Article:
Who says madness belongs to March?

The first action-packed weekend of fall sports season began with chaos, as preseason rankings set just weeks ago came tumbling down like dominoes.

Three separate No. 1-ranked teams fell in a 24-hour span, kicking off with a pair of wins for Florida squads on Friday evening and continuing Saturday with Michigan field hockey’s 3-2 win over No. 1 North Carolina.

It began with the No. 12-ranked Gators women’s volleyball team toppling No. 1 Texas in four sets.

Senior outside hitter Carli Snyder dictated the season-opening match for Florida, bagging six aces in the game, a new career high. She also recorded her first double-double of the season with 20 digs and 14 kills in an all-around dominant performance. 

Elsewhere in Gainesville, the No. 8-ranked women’s soccer team knocked off No. 1-ranked Stanford 3-2 in a scintillating match.

After trailing or being tied for the first 82 minutes, Laís Araujo used the woodwork and potted a goal to put the Gators up by one with just eight minutes to go, a mark that would prove decisive. It was Florida’s first win ever against Stanford, and it couldn’t have come in more dramatic fashion.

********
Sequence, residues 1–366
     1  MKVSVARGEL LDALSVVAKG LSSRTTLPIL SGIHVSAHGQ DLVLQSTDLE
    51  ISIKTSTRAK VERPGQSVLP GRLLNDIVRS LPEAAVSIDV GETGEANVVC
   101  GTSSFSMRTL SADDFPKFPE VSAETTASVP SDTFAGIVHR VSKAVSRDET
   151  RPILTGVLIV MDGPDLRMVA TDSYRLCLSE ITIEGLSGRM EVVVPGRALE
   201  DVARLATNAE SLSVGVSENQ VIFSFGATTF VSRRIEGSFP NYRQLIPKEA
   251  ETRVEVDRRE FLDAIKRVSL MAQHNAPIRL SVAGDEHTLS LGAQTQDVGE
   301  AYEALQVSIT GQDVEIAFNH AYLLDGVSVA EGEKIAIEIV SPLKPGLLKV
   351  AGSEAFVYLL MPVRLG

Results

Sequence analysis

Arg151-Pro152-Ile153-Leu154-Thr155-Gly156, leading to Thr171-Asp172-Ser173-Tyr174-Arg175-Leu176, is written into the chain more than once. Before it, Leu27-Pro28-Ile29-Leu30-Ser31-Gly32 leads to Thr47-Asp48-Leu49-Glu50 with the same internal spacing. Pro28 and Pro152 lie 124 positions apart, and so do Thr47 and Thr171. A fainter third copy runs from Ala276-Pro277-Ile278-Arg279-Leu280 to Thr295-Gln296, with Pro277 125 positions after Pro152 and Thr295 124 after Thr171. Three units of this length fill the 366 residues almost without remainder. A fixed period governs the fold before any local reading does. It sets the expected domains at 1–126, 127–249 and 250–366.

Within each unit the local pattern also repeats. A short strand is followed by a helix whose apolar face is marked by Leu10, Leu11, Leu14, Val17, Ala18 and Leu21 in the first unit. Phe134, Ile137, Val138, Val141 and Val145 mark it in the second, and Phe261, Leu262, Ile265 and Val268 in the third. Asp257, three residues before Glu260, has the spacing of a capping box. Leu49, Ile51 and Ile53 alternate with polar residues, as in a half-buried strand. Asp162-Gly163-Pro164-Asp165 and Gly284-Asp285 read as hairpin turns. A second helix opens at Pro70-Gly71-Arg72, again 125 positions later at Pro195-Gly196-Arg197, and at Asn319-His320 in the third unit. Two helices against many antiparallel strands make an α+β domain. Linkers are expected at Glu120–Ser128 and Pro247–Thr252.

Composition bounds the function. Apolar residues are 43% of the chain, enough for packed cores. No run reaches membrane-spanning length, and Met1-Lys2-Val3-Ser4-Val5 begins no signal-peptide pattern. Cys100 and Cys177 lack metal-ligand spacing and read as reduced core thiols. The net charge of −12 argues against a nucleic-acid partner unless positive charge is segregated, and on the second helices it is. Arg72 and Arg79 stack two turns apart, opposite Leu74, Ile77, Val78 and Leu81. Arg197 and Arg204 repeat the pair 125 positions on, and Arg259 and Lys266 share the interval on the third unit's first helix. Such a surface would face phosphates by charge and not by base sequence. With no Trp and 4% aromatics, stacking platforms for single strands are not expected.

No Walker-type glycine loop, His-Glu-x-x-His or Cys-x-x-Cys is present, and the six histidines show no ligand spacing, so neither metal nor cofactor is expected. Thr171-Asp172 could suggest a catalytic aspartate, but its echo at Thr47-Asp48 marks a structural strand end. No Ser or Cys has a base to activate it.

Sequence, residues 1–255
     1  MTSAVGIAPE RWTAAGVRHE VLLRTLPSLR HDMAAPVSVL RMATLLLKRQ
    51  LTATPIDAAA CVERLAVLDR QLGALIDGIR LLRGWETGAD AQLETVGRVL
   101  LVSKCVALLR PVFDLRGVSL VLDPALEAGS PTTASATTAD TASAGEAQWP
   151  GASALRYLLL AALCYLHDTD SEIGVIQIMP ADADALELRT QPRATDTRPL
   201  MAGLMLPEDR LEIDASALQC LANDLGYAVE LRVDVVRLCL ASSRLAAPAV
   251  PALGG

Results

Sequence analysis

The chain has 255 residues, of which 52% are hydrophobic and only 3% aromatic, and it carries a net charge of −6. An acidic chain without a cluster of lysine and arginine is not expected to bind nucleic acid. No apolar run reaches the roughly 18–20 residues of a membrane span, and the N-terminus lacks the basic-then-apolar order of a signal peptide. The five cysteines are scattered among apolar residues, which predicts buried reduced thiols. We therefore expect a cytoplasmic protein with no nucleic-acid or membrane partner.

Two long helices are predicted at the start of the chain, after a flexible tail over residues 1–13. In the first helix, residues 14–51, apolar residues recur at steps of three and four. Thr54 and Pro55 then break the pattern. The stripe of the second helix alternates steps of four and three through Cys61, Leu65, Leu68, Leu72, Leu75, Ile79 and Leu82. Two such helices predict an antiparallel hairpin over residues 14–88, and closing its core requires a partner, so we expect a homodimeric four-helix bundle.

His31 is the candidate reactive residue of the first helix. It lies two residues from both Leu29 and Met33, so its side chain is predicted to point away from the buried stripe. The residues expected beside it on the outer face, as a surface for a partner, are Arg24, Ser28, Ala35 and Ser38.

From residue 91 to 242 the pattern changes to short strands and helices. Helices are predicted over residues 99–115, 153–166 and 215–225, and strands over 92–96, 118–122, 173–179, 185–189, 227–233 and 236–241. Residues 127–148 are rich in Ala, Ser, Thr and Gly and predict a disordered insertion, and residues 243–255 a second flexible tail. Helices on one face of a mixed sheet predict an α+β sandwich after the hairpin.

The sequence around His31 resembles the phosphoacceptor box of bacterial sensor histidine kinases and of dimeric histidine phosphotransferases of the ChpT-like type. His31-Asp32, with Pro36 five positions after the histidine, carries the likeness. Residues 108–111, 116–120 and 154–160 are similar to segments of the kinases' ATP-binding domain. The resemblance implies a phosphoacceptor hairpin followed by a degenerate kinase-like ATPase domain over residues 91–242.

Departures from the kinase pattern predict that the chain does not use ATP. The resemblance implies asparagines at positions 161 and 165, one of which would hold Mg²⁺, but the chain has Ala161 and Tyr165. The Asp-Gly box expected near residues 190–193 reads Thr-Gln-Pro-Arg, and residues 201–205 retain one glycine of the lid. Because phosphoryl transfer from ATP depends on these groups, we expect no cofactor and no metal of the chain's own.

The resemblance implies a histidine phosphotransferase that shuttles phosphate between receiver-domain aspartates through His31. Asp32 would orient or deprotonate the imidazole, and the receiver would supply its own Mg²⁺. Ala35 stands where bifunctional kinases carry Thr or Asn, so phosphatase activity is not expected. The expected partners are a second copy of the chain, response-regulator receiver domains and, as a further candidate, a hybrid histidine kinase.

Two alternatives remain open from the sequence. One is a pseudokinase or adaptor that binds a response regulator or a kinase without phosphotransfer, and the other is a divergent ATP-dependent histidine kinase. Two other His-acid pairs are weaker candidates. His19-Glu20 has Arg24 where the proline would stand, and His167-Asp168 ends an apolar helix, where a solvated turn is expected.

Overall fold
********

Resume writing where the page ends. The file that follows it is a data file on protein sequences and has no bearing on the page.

And to cap things off Saturday afternoon, Michigan got in on the top-team-toppling action. The Wolverines, ranked No. 11 in the country, took down No. 1 North Carolina — for the second straight year — in a 3-2 win in Iowa City.

After a scoreless first half, Michigan scored twice in 61 seconds to start the second half and take a 2-0 lead. The Wolverines scored again eight minutes later, and then managed to fend off the Tar Heels despite UNC out-shooting Michigan, 23-5.

The remaining No. 1-ranked team yet to play this weekend, West Virginia women’s soccer team, plays Sunday against Duquesne University. Considering Duquesne isn’t ranked, and the three teams to take down top-ranked squads this weekend were, odds are good West Virginia will survive.

But this weekend is apparently sparing no elite teams, so don’t count the Dukes out just yet.

Adam Hermann has written for the Philadelphia Inquirer, the Philadelphia Daily News, Philadelphia magazine, SB Nation, and NBC Sports Philadelphia.

The views on this page do not necessarily reflect the views of the NCAA or its member institutions.